Posing the question “Do workers have ‘practical and effective’ rights? Morag questioned the reality of the UK process. She referred to the tribunal fee system now in place and the impact that their introduction had had on the number of applications (e.g. 81% drop in equal pay/sex discrimination/pregnancy cases). The fees had introduced a shift of power towards employers who were now less willing to negotiate and the remission system remains difficult and time consuming and includes partners earnings. She reminded the Conference that the Unison judicial review on fees had failed but a further case to the Court of Appeal awaited a decision in the next couple of months.

In addressing fairness in procedure, Morag highlighted the pre-claim conciliation process as an obstacle, the problems with language and the bullying from employers on threatening cost claims. In addition, the difficulties of representing yourself and the human costs to family, health and finance and the impact on future employment relations added to the difficulties faced by applicants. Morag argued that we should be seeking fair hearings through independent courts/ tribunals; better collaboration between trade unions and advice agencies and access to legal support; some minor cases could be dealt with by other processes; and she posed the question as to whether there should be a more inquisitorial system of justice.

Looking to the future, Morag pressed for more work to be done by government to ensure enforcement of employment tribunal awards.

Virginia Mantouvalou, Co-Director of the Institute of Human Rights at UCL spoke movingly about the human rights issues affecting domestic workers. Virginia had interviewed many migrant domestic workers as part of a research project and used quotes from this to demonstrate the problems faced by such workers. She referred to the Overseas Domestic Worker Visa ((2012) which allows overseas visitors to bring domestic workers with them. This visa ties the worker to the employer without the right to change employer regardless of treatment. Up to16,000 workers come to the UK each year on such visas which have been described as “slavery” by a number of NGOs.

Virginia interviewed 24 migrant workers who had come to the UK on such visas about their work and life before and since arrival. They experienced extremely low pay and had hardly any days off and were unaware of their rights. Their passports were taken off them and they were kept locked in the house. These violations of the terms of the visa leave them as undocumented workers and in a cycle of exploitation. The visa violates the provisions of Article 4 of the Convention of Human Rights – ‘no-one shall be held in slavery or servitude’ and ‘no-one shall be required to perform forced or compulsory labour’.

Virginia finished by referring to both positive and negative obligations imposed on the state. The UK is aware of the problems of exploitation but does nothing and because of the nature of the visa individuals should be protected by the government from the vulnerability they can face when they leave their employers. She felt that because of the slavery aspect that the visa produces, the broader question of labour rights for domestic workers remains to be tackled.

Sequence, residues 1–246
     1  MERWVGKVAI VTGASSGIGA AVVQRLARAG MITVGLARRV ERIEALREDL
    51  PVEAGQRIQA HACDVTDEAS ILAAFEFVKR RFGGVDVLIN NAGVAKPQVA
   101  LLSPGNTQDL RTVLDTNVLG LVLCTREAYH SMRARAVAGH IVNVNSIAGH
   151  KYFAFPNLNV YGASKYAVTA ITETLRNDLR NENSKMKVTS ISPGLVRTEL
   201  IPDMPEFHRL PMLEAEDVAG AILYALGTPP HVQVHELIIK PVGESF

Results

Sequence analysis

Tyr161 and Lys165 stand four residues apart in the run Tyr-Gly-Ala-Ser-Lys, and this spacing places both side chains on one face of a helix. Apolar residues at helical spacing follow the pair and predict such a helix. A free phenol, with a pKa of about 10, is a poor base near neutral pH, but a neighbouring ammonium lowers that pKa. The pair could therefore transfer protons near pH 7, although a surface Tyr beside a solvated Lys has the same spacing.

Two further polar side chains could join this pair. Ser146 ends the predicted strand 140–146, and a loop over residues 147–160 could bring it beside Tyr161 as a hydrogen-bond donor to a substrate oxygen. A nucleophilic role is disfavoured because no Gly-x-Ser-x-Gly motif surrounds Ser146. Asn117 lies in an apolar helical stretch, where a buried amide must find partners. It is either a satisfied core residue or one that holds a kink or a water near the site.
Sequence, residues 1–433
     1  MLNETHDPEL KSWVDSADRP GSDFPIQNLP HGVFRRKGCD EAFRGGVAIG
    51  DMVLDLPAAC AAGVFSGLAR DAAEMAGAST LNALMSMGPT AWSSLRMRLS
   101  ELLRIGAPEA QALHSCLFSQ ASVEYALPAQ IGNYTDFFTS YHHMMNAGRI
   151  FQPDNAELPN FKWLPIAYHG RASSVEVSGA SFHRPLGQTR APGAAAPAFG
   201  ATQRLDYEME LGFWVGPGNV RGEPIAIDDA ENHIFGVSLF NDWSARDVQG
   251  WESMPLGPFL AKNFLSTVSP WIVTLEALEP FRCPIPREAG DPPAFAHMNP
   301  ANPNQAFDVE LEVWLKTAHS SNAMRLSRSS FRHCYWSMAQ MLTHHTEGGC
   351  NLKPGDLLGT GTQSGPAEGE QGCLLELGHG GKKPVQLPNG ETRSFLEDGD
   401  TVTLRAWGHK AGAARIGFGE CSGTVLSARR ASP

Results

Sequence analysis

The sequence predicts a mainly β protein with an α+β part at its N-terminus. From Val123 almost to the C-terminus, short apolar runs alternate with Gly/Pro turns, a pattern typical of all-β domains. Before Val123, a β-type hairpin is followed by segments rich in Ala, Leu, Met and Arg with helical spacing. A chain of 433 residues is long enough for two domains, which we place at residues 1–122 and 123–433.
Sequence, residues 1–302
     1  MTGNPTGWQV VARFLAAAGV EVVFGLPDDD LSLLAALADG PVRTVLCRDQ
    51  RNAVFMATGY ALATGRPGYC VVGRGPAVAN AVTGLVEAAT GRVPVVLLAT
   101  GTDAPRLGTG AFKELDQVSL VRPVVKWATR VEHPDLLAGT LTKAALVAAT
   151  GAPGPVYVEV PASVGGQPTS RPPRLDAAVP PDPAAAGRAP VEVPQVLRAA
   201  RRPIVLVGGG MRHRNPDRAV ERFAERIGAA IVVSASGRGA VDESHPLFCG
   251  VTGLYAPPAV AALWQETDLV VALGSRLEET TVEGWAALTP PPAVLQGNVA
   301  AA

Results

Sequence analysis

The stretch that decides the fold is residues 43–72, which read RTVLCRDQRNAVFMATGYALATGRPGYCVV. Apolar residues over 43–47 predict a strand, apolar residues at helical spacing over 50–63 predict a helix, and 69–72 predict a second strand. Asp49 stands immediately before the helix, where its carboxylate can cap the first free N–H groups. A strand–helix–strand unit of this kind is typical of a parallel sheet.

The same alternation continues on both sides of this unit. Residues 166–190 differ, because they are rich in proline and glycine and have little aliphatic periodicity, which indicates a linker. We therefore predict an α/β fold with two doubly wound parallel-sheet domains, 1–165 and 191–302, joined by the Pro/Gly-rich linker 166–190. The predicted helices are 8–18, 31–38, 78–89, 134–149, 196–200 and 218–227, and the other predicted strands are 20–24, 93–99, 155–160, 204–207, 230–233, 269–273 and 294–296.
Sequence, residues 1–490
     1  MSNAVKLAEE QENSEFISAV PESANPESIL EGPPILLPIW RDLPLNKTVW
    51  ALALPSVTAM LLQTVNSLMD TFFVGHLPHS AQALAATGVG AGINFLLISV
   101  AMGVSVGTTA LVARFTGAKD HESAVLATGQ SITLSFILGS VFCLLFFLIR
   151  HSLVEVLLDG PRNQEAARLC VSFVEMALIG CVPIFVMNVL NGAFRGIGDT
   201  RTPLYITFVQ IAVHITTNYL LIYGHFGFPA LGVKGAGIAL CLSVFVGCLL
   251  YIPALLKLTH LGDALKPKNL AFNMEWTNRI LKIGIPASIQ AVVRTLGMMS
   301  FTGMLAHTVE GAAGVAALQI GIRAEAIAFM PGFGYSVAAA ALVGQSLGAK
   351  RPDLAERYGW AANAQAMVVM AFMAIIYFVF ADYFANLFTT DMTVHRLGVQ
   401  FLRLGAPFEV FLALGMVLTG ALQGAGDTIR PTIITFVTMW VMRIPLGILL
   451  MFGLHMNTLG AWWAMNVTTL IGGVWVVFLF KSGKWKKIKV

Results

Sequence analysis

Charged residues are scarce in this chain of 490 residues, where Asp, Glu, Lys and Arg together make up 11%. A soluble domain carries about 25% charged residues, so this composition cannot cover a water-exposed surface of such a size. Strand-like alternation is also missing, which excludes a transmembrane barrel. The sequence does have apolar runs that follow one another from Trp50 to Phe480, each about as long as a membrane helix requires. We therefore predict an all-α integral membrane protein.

The final speaker of the day was Aileen McColgan from Matrix Chambers, who in addressing discrimination at work posed the question, can Article 14 assist? She started by saying that the provisions of the Equality Act provided such comprehensive regulation of discrimination that scope for Article 14 claims were relatively limited. However, there is scope where there are grounds for claims which are not covered by protected characteristics such as trade union membership. She went on to say that it was clear that where discrimination applies in relation to dismissal, claims could be brought under Article 14 providing there were not grounds for a straightforward claim under the Equality Act.

She also referred to domestic workers who were not covered by employment laws due to diplomatic immunity of the employer, who could use Article 14 in certain circumstances. She also referred to areas of the Equality Act where the provisions were not as good. Sexual orientation and gender re-assignment is regarded as very binary but modern understanding does not necessarily assume those boundaries. In such cases Aileen believed that Article 14 might be used to pursue claims of discrimination as the UK Act does not help.

There followed an interesting discussion on inter-sex status and the discrimination issues that this was now raising and the fact that the Equality Act fails to accommodate this.

Bringing the conference to a conclusion, Nerys thanked all the speakers and delegates for attending.



Welcome from Chair: Nerys Owen, Labour Research Department

Keith Ewing, President of the Institute of Employment Rights
Human rights at work: A post-election overview.

Shah Qureshi & Peter Daly, Bindmans Solicitors
Surveillance and Monitoring at Work: How much is too much?

Alex Just, Old Square Chambers
Blacklisting: No respect for private and family life.

Daniel Blackburn, Director of the International Centre for Trade Union Rights
Raising complaints to International bodies.

Morag McDermont
Access to justice, Article 6 and the right to a fair hearing

Virginia Mantouvalou, UCL
Human Rights for Domestic Workers

Aileen McColgan, Matrix Chambers
Discrimination at work: Can Article 14 assist?